The article picks up a theme from the recent report of a task force that discovered "religious insensitivity" at the Air Force Academy. That report seemed to suggest that the problem arose because of the increase in the number of evangelicals in the chaplain corp.
Does blaming the increase in the number of evangelical chaplains address the issue of "insensitive" chaplains or does it merely explain it away? In the past, thousands of "born again" Baptists have served as chaplains in the military without creating such problems. Insensitivity is not a trait peculiar to evangelicals. In fact, the article cites an instance where a liturgical chaplain rudely and insensitively took over an evangelical chaplain's worship service.
I suggest that the problem has less to do with the growth in the number of evangelicals than it has to do with growth of intolerance within the chaplain corp. The article addressed this most clearly when it discussed the case of Chaplain Gordon James Klingenschmitt, of the Evangelical Episcopal Church, whose chaplain contract was not renewed due to his aggressive proselytizing.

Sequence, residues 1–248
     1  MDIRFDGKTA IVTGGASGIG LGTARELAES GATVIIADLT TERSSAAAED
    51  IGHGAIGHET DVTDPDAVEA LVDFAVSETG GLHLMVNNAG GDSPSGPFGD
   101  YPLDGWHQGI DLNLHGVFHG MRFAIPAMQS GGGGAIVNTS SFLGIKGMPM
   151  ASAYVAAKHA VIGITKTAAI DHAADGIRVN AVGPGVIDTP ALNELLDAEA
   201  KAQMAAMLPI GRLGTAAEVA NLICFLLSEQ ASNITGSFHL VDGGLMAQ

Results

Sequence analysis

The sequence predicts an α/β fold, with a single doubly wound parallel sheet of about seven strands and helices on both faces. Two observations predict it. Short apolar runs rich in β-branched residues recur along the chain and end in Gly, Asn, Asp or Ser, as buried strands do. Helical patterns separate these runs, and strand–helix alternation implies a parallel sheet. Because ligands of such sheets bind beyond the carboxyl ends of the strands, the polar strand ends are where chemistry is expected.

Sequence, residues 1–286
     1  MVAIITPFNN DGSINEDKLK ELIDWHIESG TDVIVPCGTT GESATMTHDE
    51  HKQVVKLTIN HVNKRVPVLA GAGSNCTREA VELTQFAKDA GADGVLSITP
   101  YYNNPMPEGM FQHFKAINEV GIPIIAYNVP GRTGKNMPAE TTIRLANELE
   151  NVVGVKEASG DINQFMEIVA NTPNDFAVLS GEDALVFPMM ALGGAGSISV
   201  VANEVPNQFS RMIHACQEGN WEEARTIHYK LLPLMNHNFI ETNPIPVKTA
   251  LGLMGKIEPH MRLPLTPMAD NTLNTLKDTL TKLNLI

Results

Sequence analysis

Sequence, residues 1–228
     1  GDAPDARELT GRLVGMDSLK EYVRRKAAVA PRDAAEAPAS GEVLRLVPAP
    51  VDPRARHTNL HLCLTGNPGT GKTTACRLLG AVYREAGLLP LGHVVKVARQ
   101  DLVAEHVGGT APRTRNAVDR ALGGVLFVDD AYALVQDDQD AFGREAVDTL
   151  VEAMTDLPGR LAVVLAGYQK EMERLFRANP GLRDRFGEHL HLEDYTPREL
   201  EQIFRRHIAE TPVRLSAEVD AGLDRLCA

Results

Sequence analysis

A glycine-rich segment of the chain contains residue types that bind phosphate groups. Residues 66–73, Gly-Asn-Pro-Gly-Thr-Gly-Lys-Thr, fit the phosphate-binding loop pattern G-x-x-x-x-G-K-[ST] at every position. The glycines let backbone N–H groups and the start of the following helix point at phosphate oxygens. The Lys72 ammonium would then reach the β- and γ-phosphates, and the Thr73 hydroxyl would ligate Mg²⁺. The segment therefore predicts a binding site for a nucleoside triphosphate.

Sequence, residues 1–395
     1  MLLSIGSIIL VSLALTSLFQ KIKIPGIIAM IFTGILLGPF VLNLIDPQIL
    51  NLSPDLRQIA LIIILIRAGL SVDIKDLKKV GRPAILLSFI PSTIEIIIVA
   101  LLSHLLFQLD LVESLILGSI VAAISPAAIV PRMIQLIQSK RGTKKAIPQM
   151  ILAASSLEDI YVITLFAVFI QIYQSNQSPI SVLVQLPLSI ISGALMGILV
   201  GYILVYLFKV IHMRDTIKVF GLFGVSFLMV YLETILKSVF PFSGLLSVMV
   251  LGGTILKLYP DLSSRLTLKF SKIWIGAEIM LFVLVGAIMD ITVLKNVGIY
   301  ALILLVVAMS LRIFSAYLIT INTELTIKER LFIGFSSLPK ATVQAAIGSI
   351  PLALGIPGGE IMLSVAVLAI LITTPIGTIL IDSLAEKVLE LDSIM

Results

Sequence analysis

"The Navy wants to impose its religion on me," he said. "Religious pluralism is a religion. It's a theology all by itself."What's changed most is the increasing proportion of chaplains, officers and soldiers who are no longer willing to tolerate religious pluralism within the military. Reports from the Air Force Academy indicate that some of the "insensitive" officers at the school recently attended seminars teaching such intolerance on duty hours.
The military is right to decide that the kind of intolerance that Kilingenschmitt expresses is intolerable. When acting in an official capacity, chaplains must be required to be tolerant of and sensitive to the religious convictions of all the soldiers that serve of our country.
It shouldn't be that hard to find chaplains who are tolerant. All they have to do is find people who believe in and practice the golden rule -- "Do unto others as you would have them do unto you." In some form, that principle is common to most faiths.